[Openstack-i18n] I18n meeting tomorrow

Douglas Fish drfish at us.ibm.com
Fri May 2 14:31:59 UTC 2014

We are agreeing on many points here.  Let me expand on one idea that I
think I'm not making clear.

I am a native English speaker.  As an English speaking software engineer,
when I've created labels, messages, etc I usually think they are pretty
good.  However, I work at a big company, so we have people who are
technical writers.  They are experts in how these kinds of strings should
be written for the highest quality professional English.  Based on their
feedback, it turns out I'm not quite as good at how English labels,
messages, etc should be written for the highest quality professionalism.  I
understand the language, of course, but sometimes I'm influenced by my
engineering background to take shortcuts or represent things the wrong way.
It's rare for somebody to be both an expert software engineer and an expert
English speaker.

The kind of feedback you are asking for in your code review is going to
require that sort of dual-expertise in order to accurately assess if your
code solution will allow high quality, professional translations for all
languages.  Maybe OpenStack has attracted people with that sort of
background, but if so we are really quite lucky.  It's a difficult question
for people so sort out.

I still hold that we need to get rid of most of this concatination in order
for Horizon to be most effectively translated.  I understand that may
result in more translatable strings, but I'm hopeful that will be
outweighed by the fact the context and usage of those strings will be
clear, and people without coding expertise will be able to easily
understand and contribute to the translation of Horizon.

My only word of caution is that I am only beginning to understand what
removing concatination means for the Horizon/Dashboard code base.  I think
there is only a limited amount of code that actually does concatinations,
but it's used to generate a great deal of the UI.  I really should quit
spending time on the mailing list, and start digging around in the code on
this one!  :-)

Doug Fish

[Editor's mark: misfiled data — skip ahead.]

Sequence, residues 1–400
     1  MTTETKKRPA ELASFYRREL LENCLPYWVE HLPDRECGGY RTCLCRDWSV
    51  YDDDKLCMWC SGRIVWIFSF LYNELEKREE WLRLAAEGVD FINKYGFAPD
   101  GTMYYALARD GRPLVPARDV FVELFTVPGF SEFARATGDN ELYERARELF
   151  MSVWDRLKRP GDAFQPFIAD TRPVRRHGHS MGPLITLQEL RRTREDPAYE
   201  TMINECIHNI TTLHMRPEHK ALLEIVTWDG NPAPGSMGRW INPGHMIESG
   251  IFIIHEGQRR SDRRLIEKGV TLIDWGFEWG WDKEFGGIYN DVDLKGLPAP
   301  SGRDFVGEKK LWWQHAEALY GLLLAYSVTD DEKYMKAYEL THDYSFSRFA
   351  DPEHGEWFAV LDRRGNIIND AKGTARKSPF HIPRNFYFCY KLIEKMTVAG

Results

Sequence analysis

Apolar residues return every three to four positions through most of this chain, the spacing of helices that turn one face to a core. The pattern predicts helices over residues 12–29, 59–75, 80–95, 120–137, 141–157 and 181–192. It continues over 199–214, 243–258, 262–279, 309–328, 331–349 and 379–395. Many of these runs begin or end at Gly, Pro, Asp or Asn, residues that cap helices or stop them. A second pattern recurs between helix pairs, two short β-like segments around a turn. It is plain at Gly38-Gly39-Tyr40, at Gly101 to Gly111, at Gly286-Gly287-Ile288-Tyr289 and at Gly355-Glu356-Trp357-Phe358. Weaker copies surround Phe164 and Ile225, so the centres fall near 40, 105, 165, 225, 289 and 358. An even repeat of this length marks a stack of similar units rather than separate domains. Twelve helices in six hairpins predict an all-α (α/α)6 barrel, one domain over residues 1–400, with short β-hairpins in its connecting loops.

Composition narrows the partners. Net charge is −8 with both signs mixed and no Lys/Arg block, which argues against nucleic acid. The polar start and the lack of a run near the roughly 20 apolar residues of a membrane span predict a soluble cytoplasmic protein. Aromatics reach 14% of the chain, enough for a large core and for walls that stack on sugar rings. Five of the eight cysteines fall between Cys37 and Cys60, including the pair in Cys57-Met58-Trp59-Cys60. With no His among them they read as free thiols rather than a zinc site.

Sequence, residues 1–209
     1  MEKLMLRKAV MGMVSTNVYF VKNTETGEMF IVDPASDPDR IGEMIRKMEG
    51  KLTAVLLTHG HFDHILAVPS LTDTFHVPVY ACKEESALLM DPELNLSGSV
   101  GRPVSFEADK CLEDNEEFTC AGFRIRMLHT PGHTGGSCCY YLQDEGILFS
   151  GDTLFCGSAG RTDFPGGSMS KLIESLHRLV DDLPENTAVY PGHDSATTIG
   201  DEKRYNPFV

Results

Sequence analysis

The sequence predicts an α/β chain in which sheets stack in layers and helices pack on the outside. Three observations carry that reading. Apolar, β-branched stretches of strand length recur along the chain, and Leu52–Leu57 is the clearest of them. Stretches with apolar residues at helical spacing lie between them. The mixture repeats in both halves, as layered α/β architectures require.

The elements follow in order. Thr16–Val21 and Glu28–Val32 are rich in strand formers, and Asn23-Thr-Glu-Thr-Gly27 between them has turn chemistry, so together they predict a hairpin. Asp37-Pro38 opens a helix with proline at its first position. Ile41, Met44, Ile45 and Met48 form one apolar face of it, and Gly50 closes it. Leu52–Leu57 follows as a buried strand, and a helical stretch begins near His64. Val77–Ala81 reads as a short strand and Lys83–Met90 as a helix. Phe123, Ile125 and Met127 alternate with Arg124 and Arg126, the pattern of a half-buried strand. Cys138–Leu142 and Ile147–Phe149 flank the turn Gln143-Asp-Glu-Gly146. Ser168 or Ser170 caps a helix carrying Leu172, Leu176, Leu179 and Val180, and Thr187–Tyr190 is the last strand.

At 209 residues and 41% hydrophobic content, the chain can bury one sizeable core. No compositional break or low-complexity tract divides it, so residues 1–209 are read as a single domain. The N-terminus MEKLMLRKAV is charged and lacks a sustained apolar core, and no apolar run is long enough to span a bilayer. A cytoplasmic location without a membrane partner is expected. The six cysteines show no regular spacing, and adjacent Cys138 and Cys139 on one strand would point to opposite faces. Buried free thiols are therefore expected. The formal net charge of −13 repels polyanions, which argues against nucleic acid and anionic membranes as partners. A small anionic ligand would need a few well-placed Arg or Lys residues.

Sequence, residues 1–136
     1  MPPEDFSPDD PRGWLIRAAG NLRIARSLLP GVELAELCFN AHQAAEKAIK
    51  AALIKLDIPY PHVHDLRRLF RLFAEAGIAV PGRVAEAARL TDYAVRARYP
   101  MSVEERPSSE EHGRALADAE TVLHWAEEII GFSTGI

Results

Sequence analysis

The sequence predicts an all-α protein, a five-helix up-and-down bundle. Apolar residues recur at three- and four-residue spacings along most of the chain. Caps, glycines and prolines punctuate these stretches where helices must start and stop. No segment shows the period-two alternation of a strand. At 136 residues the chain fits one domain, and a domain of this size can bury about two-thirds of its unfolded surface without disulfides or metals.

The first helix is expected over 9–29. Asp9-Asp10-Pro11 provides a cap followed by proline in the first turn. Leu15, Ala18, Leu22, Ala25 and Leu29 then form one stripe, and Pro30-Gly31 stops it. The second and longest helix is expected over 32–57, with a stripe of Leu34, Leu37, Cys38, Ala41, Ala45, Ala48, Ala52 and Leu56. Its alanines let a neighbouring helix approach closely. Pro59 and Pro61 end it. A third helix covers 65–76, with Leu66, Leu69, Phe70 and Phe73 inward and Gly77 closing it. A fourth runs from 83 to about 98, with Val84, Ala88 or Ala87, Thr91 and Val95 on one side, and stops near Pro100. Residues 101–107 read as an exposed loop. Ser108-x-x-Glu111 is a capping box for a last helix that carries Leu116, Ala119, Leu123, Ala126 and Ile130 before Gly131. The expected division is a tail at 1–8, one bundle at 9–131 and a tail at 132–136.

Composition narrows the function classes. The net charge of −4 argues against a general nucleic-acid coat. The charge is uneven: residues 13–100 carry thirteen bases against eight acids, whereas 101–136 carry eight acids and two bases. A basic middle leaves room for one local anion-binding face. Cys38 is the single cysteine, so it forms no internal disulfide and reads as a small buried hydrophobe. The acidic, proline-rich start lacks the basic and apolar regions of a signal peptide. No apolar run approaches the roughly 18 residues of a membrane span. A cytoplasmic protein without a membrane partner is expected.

From:	Yves-Gwenaël Bourhis <yves-gwenael.bourhis at cloudwatt.com>
To:	openstack-i18n at lists.openstack.org,
Date:	05/02/2014 04:57 AM
Subject:	Re: [Openstack-i18n] I18n meeting tomorrow

Le 30/04/2014 18:47, Douglas Fish a écrit :
> I was just discussing a similar issue in IRC #openstack-translation
> It's my impression that the fixes you've proposed are patches that
> gradually improve the translatability of Horizon, but don't address the
> issue:  the concatenation that is used to reduce the number of messages
> results in complex and ultimately inaccurate translations.  Maybe I've
> misunderstood the fixes?  Can they result in broadly accurate

The problem is that they work now in French... and probably many more
languages. But I'm no expert in other languages to certify they would
work in "all" languages.
Maybe some languages would require not using variables in the string and
to have the full string. I really need other language speaking people to
check this point while reviewing the patch. I only speak English and
French (and my German notions do not meet all the requirements :-) ) to
know that what is right in one of them can be wrong in one of the
others, and finding what is "dynamically" right in these is already
extremely difficult.

> Getting translation right is important.  Having translations that are
> maintainable and accurate are necessary for Horizon to reach maturity.
> the solution you've proposed is "right", then that's great.  But if it
> isn't right, I'd rather see us invest in refactor/retranslation now, in
> Juno, rather than later.

This is why my current patch needs to be reviewed especially by people
who speak different languages. I would need a German, Japanese, Chinese,
Spanish, Russian, etc... native speaker to review this.
The issue is that it's not trivial to have someone knowing translations
and being able to read python code (or vice-versa) at the same time.
This really is not an easy issue, the difficulty is not in terms of
coding but of how to implement it to meet world-wide requirements.

The longer we wait to make this right the bigger
> Horizon's code and translations are going to be and the harder they are
> going to be to fix.

I totally agree :-)

Yves-Gwenaël Bourhis

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